When I first saw Ogilvie’s from the ground, I promised myself to look back when i found my way into this little pitched outcropping which seemed to have the best view of Thunder Bay I could imagine. It turns out, though, that there is no floor in that section; it is just extended machine access! Oh well. Mount McKay in the background in the last light.
Looking from the shaft room into the room where an electric hoist would be.
Near the lower portal of the tunnel, a manhole cover seals the electrical connection for the streetcar line. Twin Cities Lines is the predecessor for Twin Cities Rapid Transit.
Standing next to the now-demolished records room.
Standing where the Final Assembly Building used to hum and staring across the former site of the Sheet Metal and Spring buildings. Today, of course, the Foundry is gone as well, so you’d be looking across Prairie Ave.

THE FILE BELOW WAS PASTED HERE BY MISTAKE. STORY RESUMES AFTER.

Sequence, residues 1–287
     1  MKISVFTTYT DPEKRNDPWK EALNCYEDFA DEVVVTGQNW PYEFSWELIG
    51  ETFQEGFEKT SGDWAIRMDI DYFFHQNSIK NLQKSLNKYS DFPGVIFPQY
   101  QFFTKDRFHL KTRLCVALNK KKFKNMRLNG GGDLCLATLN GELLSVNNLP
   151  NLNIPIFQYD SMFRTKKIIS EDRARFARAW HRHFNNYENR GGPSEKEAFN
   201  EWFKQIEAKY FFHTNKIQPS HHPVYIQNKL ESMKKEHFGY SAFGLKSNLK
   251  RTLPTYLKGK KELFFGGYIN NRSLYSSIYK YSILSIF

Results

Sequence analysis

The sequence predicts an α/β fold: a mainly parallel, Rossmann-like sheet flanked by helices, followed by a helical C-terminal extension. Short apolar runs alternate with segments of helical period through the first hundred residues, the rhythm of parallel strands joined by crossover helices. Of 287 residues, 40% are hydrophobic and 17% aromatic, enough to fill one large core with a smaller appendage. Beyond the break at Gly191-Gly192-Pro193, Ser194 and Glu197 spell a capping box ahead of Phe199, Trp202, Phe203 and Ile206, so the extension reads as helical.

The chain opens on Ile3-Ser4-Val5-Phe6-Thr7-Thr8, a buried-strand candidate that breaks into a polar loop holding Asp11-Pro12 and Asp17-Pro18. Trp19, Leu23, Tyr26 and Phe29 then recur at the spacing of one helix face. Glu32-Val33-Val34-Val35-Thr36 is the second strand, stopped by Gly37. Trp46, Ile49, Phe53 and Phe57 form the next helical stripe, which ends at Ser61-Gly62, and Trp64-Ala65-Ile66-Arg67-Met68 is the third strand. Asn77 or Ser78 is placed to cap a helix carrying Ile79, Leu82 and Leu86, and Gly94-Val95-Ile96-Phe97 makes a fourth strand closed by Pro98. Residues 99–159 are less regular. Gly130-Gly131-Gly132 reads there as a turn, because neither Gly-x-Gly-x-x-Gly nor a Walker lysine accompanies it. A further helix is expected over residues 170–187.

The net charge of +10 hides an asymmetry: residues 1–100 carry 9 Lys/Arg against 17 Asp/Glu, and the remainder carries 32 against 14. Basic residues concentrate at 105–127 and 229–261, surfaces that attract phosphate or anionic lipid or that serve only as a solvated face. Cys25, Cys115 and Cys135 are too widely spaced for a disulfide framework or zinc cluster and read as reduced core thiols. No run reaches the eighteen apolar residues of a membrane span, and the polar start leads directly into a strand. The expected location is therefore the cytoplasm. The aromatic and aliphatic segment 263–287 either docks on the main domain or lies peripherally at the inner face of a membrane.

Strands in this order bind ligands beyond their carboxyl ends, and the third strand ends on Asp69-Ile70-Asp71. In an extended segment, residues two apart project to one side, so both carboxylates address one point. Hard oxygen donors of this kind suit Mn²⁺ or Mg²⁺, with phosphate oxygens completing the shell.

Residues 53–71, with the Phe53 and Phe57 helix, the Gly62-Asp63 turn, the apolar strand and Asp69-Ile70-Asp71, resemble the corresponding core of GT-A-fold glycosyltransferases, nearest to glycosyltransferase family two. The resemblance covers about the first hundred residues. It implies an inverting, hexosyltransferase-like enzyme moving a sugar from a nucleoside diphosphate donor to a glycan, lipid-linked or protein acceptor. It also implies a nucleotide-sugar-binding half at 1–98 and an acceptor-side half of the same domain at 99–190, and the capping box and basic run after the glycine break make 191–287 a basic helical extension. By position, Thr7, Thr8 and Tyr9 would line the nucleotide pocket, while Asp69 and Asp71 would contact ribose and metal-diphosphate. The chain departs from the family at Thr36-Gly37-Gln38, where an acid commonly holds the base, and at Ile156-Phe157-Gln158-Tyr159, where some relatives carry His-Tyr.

Approaching the power station and its giant stack. The stack replaced four shorter stacks in the 1960s, helping with pollution in the downtown corridor.
From the highest roof of Ogvilvie’s, Thunder Bay looks like paradise.
This is what the mine shops look like from the road between Gaastra, MI and Rogers Location (formerly Bates, MI). The community was renamed for the mine, probably under the heavy influence of M.A. Hanna.
Rogers Mine is one of the most structurally sound mines in the Iron River area that isn’t part of a museum.